Intel Pentium G3258 Overclock issue

NerdyComputerGuy

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Nov 19, 2013
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I've got an overclocked G3258 to 4.2ghz at 1.450v, you may be surprised when you see how much voltage i have on the CPU but nothing seems to work, it's still unstable.

The blue screens occur when I am recording with OBS and playing an intensive game, if i run below 1.4v my PC crashes, i've had to increase the voltage over time to the point where i am at 1.450v now.

Any help is much appreciated.
 

Lutfij

Titan
Moderator
You might want to list your full specs like so:
CPU:
Motherboard:
Ram:
SSD/HDD:
GPU:
PSU:
Chassis:
OS:

Also list your cooling onboard that system. Higher voltages to keep an overclock afloat is usually sign that the motherboard is giving out or you've subjected the CPU to too much voltage.

Please mention any other overclocks you've done to it.
 

NerdyComputerGuy

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CPU: Intel Pentium G3258
Motherboard: Asrock z97 pro 3
Ram: HyperX blu 8gb 2 sticks
SSD/HDD: 120gb ssd, 2x hdd
GPU: Geforce GTX 760
PSU: Corsair CX500
Chassis:
OS: Windows 7 Pro 64bit

Cooling system, like 3 120mm fans, stock cooling fan for cpu.

I've only ever done a 4.2ghz OC to it and i've had it since 2015, i've had to increase the voltage over the years, i used to be able to stream and record with OBS fine but since recently i've had FPS drops on OBS and the PC just blue screens randomly, if i play a game for a long period of time this can cause it to blue screen or if i am recording / streaming for over 1hr this can cause it to blue screen.



 

CompuTronix

Splendid
Moderator
lNerdyComputerGuy,

The maximum recommended long-term Vcore for 22 nanometer processors is 1.300 volts. Your Core voltage is far too high, which has degraded your processor. You're seeing it first hand, and it is not reversible.

Excessive Vcore may result in accelerated "Electromigration" - https://www.google.com/?gws_rd=ssl#q=Electromigration

This prematurely erodes the traces and junctions within the processor's layers and nano-circuits, which will eventually result in blue-screen crashes that become increasingly frequent over time. As a rule, CPU's are more susceptible to Electromigration with each Die-shrink. However, the most notable exception is Intel's 14 nanometer Microarchitecture, where advances in FinFET transistor technology have improved voltage tolerance.

Here's the maximum recommended Core voltages per Microarchitecture from 14 to 65 nanometers since 2006:

When tweaking your processor near it's highest overclock, keep in mind that for an increase of 100 MHz, a corresponding increase of about 50 millivolts (0.050) is needed to maintain stability. If 70 millivolts (0.070) or more is needed for the next stable 100 MHz increase, it means your processor is overclocked beyond it's capability.

The only temporary fix for Electromigration is to further increase Vcore, as you've done, which will only accelerate the degradation process. The better alternative is to reduce Core speed and voltage, which no overclocker wants to hear.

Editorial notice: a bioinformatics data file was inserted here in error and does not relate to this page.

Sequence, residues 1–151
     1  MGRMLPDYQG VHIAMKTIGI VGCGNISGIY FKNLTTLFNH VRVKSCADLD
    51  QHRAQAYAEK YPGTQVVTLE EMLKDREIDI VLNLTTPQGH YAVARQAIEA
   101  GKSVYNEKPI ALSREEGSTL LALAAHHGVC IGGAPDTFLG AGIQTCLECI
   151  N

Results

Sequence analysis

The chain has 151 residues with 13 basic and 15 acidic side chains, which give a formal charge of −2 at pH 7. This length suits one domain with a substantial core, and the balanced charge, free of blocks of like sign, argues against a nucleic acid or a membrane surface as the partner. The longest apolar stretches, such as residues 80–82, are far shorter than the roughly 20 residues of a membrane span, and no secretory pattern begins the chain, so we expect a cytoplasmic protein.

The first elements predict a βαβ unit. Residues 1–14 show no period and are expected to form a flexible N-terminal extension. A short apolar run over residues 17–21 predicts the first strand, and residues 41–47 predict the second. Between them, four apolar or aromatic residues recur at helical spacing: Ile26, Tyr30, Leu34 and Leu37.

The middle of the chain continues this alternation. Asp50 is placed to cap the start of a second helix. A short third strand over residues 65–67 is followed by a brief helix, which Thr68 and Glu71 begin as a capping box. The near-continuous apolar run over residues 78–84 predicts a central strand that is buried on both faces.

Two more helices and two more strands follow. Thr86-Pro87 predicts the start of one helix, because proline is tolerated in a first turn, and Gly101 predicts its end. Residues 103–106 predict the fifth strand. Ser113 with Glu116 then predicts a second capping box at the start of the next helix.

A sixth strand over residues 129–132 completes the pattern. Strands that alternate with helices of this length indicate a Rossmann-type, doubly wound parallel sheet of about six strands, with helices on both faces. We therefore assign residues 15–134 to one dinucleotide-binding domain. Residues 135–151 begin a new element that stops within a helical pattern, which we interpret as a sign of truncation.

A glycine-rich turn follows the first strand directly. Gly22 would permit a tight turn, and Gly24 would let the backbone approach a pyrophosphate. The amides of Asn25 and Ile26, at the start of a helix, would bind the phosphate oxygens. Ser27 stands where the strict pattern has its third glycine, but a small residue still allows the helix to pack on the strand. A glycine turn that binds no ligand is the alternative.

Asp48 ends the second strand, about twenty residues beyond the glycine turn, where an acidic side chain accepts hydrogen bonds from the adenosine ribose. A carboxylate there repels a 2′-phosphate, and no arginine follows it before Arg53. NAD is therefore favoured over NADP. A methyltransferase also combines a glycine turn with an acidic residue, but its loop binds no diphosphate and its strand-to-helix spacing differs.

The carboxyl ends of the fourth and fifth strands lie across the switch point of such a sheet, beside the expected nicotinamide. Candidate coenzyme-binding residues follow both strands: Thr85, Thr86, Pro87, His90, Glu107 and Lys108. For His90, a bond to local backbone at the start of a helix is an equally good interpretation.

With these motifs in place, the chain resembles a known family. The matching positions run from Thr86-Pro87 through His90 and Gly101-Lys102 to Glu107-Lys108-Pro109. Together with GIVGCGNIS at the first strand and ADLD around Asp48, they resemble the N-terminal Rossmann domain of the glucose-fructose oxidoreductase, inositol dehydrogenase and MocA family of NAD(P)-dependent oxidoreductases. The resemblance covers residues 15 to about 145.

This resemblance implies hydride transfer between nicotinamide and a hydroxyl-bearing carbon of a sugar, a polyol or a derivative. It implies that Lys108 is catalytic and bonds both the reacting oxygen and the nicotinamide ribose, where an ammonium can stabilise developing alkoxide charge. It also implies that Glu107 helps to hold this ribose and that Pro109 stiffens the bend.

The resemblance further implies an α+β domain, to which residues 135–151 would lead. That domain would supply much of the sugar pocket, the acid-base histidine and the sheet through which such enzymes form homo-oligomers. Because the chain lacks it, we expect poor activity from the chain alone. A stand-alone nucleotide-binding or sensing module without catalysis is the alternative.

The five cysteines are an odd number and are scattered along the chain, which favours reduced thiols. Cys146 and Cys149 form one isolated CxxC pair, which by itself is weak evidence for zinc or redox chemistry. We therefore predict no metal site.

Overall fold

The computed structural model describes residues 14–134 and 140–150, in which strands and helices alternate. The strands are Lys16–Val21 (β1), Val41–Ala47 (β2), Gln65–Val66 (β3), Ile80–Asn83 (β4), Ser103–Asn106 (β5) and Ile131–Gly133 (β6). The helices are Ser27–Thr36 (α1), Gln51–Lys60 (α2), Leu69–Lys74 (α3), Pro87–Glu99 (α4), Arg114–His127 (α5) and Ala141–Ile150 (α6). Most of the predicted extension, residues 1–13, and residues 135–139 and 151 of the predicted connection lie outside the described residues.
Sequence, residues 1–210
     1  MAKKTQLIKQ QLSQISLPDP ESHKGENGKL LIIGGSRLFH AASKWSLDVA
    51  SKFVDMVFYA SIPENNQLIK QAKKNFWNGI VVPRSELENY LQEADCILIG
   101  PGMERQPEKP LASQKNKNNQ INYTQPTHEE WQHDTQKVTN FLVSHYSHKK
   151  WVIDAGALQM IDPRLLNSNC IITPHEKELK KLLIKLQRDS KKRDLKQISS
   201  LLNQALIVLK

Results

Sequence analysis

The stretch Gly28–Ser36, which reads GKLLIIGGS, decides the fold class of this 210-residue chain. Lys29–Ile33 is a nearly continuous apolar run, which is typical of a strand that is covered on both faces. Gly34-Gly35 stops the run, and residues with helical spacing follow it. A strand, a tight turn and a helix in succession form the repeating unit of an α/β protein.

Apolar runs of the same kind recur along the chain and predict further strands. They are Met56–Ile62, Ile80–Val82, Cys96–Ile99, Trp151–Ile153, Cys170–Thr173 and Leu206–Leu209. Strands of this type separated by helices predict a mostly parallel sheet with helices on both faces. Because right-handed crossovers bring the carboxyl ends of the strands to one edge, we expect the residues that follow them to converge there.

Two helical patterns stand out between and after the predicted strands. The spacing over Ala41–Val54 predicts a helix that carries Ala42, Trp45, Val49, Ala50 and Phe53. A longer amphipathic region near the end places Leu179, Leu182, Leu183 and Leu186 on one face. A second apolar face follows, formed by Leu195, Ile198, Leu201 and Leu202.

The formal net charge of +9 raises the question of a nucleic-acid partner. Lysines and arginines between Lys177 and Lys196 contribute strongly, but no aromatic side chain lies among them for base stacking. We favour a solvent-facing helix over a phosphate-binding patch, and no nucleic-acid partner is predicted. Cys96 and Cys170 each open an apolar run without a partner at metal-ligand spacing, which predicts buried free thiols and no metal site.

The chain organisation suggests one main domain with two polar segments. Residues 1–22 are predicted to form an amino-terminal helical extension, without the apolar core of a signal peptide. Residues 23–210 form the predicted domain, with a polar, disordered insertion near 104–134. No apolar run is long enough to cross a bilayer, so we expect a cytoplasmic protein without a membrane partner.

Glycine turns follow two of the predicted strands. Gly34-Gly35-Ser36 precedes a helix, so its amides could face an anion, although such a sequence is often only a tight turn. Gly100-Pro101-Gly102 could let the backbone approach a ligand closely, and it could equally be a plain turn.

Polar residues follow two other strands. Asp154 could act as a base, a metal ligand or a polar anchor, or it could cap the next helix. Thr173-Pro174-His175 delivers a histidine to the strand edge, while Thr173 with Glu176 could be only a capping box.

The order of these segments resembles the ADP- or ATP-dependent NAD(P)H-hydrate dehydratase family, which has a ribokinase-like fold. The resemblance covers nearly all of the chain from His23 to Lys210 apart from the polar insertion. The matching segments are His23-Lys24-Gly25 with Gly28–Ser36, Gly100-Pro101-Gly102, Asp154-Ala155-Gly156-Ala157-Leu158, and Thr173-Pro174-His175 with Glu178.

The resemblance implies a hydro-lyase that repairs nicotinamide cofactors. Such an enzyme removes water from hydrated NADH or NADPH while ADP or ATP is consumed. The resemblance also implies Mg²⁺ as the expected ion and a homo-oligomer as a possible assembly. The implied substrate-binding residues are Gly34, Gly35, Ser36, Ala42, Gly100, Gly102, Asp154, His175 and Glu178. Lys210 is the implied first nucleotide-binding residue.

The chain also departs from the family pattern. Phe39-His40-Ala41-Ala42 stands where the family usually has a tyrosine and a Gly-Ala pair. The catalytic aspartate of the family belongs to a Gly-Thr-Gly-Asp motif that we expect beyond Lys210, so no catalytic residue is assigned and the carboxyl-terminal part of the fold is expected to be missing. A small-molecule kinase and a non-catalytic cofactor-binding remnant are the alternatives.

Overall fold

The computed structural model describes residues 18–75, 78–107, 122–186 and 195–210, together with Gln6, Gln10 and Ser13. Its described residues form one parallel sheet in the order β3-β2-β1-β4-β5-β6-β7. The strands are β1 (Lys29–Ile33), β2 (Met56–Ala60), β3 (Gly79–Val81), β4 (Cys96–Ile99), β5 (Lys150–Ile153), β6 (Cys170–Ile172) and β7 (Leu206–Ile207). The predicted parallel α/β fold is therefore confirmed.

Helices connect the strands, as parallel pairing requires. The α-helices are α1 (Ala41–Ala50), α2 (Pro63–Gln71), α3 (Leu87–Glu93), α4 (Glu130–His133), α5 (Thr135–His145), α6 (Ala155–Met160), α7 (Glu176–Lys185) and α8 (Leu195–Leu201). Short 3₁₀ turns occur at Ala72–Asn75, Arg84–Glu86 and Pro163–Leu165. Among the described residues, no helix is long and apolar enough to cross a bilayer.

I have a G3258 in my wife's rig which has been OC'd to 4.7GHz at 1.29 volts since I built it in early 2014. I have another in my niece's rig OC'd to 4.6 at 1.28 volts which I built for her in 2015. Both run cool on Hyper 212 EVO's. To get my niece's stable at 4.7 required more than 1.335 volts, which I was not willing to risk. The difference between 4.6 and 4.7GHz is less than 2.2%, which has no noticeable impact on overall system performance. It simply isn’t worth pushing a processor beyond recommended Core voltage and Core temperature limits just to squeeze out another 100 MHz.

A few days ago I saw another forum member with a G3258 OC'd to 5.0. I don't recall the voltage, but since it didn't catch my attention, it couldn't have been exceedingly high. It's the Haswell edition of the Silicon Lottery. He got one in the top few percent, I got a few that were decent, but unfortunately, your sample wasn't so good. Sorry, but that's just how it goes.

Your CPU is dying. If you don't want to be replacing it any time soon, then I recommend that you dial down the Vcore and Cache to no more than 1.300, and live with whatever OC that voltage will give you. This way you can plan for a replacement or upgrade, rather than being taken by surprise one day when it'll no longer boot.

Sorry I don't have better news for you.

CT :sol:
 

NerdyComputerGuy

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Thank you for the reply and since i am new to overclocking (pretty much) this is a breath of fresh air information, currently i have dialled the overclock down to 4.1ghz at core voltage of 1.375 and i think a cache voltage of 1.3v (cache ghz 3.6 ghz i think).

ive ran realbench, intel burn test and prime 95 and they have all passed.

I have also played ETS 2 and recorded / streamed for 2 hours plus without a blue screen so i think i've found a stable overclock and it may have been because i was at 4.2ghz and never tried any lower in fear of losing FPS.

Should i try going lower with the voltage or is 1.375v ok?

About a year or two ago i ran the CPU at 4.2ghz at 1.3v without any bluescreens even under heavy load, but since i was new to overclocking i didn't know to reduce the cache voltage lower than the core voltage.

How does this work then?

The core voltage and cache voltage both are different areas of the motherboard that give out voltage???

Thanks
 

CompuTronix

Splendid
Moderator
1.375 is still too far above the Vcore degradation curve for 22 nanometer processors. My best advice once again, is to regard 1.300 as the maximum recommended Vcore for long-term sustainability. I hope you're not running the stock cooler.